Regionals search for survival
July 7, 2003-- Home Textiles Today,
New York — Forget any lofty ideas about health and growth. Most regional department store operators today are mainly seeking ways to survive — halting the all too frequent hemorrhaging of sales and profits and struggling against the perception that, like some extinct species, they've outlived their usefulness.
Some probably have.
The business model of the traditional department store simply "doesn't work anymore," said Robin Lewis, president, Robin Lewis, a consulting and strategic information firm here. Regional department stores "have niche potential, though they lack economy of scale." Over the next five to 10 years they will either change that model or go out of business, he predicted.
Indeed, that's precisely the exercise many regional merchants are engaged in at this very moment — finding or shifting to a new business plan.
They may not have much time. Market by overstored market, competition from across all channels is chipping away at what remains of their base. It is complex. It's intense and unforgiving. Worse, it's coming at them from all sides.
Ask regional department store merchants what their competition is and you're likely to get a list of the usual suspects — Federated, May, JCPenney, or even super regional Dillard's. Press the issue and they'll mention Kohl's; press a bit harder still and you'll get Target and, even Wal-Mart. Throw in the home textiles category and you can add the likes of Bed Bath & Beyond, Linens 'n Things, T.J. Maxx and HomeGoods.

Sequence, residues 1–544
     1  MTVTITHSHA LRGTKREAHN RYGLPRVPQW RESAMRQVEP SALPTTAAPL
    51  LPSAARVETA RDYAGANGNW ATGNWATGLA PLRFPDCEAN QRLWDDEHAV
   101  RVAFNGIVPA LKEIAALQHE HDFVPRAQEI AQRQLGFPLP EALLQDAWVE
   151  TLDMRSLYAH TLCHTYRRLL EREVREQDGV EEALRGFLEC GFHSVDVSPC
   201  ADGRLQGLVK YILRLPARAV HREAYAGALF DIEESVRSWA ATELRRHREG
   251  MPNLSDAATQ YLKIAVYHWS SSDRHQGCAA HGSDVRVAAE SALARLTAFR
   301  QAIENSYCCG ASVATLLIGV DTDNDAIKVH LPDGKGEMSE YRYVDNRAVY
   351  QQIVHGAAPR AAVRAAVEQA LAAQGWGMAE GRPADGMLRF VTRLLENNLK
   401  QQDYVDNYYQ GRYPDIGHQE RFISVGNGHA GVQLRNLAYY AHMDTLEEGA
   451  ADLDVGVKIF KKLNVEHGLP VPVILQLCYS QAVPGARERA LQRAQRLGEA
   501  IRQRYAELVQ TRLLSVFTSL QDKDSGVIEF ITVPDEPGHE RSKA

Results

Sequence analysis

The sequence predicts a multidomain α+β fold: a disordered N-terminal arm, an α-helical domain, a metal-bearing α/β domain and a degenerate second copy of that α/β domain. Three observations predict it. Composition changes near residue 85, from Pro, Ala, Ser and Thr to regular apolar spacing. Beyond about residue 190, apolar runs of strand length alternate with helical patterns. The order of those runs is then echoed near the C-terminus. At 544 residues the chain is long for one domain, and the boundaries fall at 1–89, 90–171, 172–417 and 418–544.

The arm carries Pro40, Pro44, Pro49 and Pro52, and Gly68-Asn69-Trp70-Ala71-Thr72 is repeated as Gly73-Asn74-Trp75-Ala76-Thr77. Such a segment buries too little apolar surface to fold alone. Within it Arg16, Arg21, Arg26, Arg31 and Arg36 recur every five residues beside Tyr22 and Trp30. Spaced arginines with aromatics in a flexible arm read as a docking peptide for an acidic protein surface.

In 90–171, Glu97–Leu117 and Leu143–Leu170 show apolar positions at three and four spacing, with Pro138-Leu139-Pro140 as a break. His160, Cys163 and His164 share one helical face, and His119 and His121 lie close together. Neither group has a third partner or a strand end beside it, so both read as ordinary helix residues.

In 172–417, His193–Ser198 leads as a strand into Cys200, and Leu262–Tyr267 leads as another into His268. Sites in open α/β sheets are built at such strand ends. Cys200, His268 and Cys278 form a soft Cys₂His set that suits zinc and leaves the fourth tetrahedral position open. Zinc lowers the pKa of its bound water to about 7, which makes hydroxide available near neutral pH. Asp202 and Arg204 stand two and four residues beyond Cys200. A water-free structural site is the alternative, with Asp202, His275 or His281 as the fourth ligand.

They are subtracting more dollars than most growing markets are adding.
Explained Bernard Sosnick, retail analyst for Fahnestock & Co.: "Kohl's, target and Bed Bath have effectively taken market share from department stores. Kohl's and Target attract young families with a casual urban lifestyle, many of whom would have shopped at department stores for basics."
It's not so much that the stores have been forced out of the bread-and-butter side of the business as it is that they've lost the frequency of customer visits. That hits home particularly hard for the regionals.
Couple that with stunted economic growth, Lewis noted, and "the oversaturation in the industry is staggering, and adding fuel to the fire in that growth in retail space continues unabated." The real estate has grown at twice the rate of the population, and there is not sufficient demand to justify it, which will result in a number of retail "losers," he said.
There was, perhaps, no greater acknowledgement of the pressures faced by the regionals than Federated's decision to finally begin co-branding its regional portfolio. A short test with the Rich's-Macy's moniker sealed the deal for the rest of the company's nameplates.
It also may have sealed the fate of the remaining independent regionals. Not to hear them tell it, though. Whether merely putting a happy face on it or simply expressing blind faith, the retailers themselves said that their smallness allows them to do great things — like turn on a dime with the absence of a cumbersome corporate structure and truly be able to focus on their core customers.
"We're able to bob and weave through the competition," said Bart Litvin, senior vp, gmm, Boscov's, Reading, PA, which has 39 stores. "Vendor after vendor tells us that we make decisions on the spot."
Companies like Federated or May have "big national clout," but there's a side of the customer that leans toward a smaller retailer that represents them more, said Jim Famalette, president and ceo, Gottschalks. Unlike Federated and May, generally located in major metro markets, Gottschalks places its stores in second- and third-tier markets.
"It's like David vs. Goliath; we can be more nimble and quick" Famalette added. "We're looked at as the home-town store."